Not applicable.

Conflicts of Interest

The authors declare no conflict of interest.


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Figure 1. Variation as a function of the zenith angle on the expected KM3NeT number of neutrino events in 10 years of observation with respect to the standard oscillation scenario for different values of VEP parameters. Left (right) panel corresponds to the case of direct (inverse) ordering of VEP parameters. The effect of VEP is a deficit of vertical upgoing neutrinos. All the uncertainties affecting the expected events are here neglected.
Figure 1. Variation as a function of the zenith angle on the expected KM3NeT number of neutrino events in 10 years of observation with respect to the standard oscillation scenario for different values of VEP parameters. Left (right) panel corresponds to the case of direct (inverse) ordering of VEP parameters. The effect of VEP is a deficit of vertical upgoing neutrinos. All the uncertainties affecting the expected events are here neglected.
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Figure 2. KM3NeT-forecasted 10-year constraints at 90% CL on the VEP parameters for direct ordering ( γ 21 × γ 31 > 0 ) and inverse ordering ( γ 21 × γ 31 < 0 ). The bands cover all the Monte Carlo simulations of mock data samples. The blueish and yellow colors correspond to a systematic error of 0.01 and 0.04 in the data generation, respectively. The solid and dashed white lines are the mean constrains for the two values of the systematic error. The thin black lines show the IceCube limits obtained by means of a similar analysis [51].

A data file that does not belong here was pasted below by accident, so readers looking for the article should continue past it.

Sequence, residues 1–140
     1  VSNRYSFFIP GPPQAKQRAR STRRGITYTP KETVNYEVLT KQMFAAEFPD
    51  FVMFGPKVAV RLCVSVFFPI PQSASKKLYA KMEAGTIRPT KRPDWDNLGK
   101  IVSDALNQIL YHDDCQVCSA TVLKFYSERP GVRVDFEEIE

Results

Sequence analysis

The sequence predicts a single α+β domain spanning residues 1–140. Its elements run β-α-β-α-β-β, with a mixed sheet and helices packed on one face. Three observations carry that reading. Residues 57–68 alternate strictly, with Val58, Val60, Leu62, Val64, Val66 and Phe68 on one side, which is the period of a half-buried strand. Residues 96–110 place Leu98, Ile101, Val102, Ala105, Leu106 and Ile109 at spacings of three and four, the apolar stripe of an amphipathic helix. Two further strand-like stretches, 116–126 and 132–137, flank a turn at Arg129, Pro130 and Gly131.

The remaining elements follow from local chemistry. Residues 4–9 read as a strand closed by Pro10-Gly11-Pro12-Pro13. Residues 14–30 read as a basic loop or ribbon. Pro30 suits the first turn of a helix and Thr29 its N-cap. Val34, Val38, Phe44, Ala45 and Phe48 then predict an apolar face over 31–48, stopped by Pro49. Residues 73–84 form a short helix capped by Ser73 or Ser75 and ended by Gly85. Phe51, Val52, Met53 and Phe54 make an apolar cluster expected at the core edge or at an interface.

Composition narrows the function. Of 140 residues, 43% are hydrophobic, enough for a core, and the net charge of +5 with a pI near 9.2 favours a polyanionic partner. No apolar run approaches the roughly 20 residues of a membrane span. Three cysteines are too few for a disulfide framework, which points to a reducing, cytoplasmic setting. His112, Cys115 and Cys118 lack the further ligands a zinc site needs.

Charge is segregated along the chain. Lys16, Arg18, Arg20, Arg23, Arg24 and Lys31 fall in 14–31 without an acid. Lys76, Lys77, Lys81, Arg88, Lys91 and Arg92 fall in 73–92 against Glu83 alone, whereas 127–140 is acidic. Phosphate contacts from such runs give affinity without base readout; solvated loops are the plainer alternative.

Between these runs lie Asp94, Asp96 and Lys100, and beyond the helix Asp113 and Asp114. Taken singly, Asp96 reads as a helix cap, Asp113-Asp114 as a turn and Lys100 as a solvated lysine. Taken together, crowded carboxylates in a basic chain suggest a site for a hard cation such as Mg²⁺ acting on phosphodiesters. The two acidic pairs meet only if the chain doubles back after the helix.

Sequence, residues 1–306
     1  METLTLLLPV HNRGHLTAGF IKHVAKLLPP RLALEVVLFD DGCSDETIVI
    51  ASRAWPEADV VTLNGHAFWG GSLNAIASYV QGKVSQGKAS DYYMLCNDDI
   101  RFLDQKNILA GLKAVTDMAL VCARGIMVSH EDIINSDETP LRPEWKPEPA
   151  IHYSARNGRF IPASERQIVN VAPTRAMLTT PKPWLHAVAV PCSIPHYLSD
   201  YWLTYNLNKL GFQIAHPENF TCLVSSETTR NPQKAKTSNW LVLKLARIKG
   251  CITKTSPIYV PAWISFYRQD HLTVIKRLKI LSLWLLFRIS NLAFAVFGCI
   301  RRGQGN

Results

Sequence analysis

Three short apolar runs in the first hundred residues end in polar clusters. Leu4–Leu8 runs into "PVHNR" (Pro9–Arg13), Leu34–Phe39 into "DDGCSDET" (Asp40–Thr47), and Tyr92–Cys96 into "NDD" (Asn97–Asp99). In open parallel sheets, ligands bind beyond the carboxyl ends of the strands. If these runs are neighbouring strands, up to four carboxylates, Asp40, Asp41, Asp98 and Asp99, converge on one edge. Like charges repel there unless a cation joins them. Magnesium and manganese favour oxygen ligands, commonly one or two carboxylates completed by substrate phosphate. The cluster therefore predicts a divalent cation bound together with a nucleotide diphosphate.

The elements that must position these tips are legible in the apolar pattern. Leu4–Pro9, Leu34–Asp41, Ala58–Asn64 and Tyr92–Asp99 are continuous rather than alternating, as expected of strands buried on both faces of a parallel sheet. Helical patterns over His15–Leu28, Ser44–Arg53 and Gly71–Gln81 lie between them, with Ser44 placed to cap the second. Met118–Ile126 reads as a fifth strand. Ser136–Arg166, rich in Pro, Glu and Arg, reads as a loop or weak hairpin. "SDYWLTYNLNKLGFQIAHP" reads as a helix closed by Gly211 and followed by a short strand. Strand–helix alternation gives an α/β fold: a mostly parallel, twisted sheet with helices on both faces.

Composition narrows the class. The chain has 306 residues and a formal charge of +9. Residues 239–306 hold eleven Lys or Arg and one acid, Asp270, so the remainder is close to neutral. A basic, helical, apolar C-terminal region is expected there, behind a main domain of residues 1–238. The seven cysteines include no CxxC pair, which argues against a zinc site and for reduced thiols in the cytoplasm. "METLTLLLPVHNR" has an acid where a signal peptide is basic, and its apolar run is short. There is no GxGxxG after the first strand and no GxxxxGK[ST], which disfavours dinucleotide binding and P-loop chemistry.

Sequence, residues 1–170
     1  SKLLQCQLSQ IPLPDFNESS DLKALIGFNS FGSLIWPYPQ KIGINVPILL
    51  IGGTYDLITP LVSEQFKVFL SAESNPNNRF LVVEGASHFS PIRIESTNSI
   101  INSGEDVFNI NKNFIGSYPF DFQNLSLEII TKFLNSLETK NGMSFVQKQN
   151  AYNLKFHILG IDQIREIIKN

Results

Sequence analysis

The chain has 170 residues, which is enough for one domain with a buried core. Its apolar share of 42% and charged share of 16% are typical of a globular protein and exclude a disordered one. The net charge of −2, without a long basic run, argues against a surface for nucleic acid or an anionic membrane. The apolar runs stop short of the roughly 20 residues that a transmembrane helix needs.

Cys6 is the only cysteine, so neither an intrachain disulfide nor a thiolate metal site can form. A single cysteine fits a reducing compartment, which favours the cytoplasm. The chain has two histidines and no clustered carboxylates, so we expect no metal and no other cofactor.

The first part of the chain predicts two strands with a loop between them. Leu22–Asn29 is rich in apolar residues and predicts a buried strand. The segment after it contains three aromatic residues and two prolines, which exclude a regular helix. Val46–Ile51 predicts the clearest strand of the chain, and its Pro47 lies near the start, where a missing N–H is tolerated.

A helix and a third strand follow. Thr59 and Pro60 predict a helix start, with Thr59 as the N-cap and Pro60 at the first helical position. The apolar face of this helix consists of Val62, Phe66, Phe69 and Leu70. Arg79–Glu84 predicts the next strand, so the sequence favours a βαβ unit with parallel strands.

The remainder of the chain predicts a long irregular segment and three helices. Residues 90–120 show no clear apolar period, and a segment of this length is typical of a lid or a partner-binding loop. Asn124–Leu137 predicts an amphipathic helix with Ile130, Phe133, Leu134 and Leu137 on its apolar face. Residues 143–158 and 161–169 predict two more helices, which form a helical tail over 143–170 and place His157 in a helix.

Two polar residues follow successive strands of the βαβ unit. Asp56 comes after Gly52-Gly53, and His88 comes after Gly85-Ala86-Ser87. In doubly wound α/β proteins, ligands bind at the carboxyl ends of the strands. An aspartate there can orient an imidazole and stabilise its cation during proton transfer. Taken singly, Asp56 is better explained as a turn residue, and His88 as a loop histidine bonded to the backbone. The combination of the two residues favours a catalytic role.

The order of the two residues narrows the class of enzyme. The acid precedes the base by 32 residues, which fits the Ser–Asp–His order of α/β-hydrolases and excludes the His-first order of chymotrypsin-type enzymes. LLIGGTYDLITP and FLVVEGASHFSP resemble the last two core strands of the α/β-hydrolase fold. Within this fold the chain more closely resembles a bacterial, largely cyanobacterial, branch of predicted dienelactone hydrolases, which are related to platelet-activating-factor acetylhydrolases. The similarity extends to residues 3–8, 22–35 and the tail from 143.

Figure 2. KM3NeT-forecasted 10-year constraints at 90% CL on the VEP parameters for direct ordering ( γ 21 × γ 31 > 0 ) and inverse ordering ( γ 21 × γ 31 < 0 ). The bands cover all the Monte Carlo simulations of mock data samples. The blueish and yellow colors correspond to a systematic error of 0.01 and 0.04 in the data generation, respectively. The solid and dashed white lines are the mean constrains for the two values of the systematic error. The thin black lines show the IceCube limits obtained by means of a similar analysis [51].
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Chianese, M.; Fiorillo, D.F.G.; Mangano, G.; Miele, G.; Morisi, S.; Pisanti, O. Sensitivity of KM3NeT to Violation of Equivalence Principle. Symmetry 2021, 13, 1353.

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Chianese M, Fiorillo DFG, Mangano G, Miele G, Morisi S, Pisanti O. Sensitivity of KM3NeT to Violation of Equivalence Principle. Symmetry. 2021; 13(8):1353.

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Chianese, Marco, Damiano F. G. Fiorillo, Gianpiero Mangano, Gennaro Miele, Stefano Morisi, and Ofelia Pisanti. 2021. "Sensitivity of KM3NeT to Violation of Equivalence Principle" Symmetry 13, no. 8: 1353.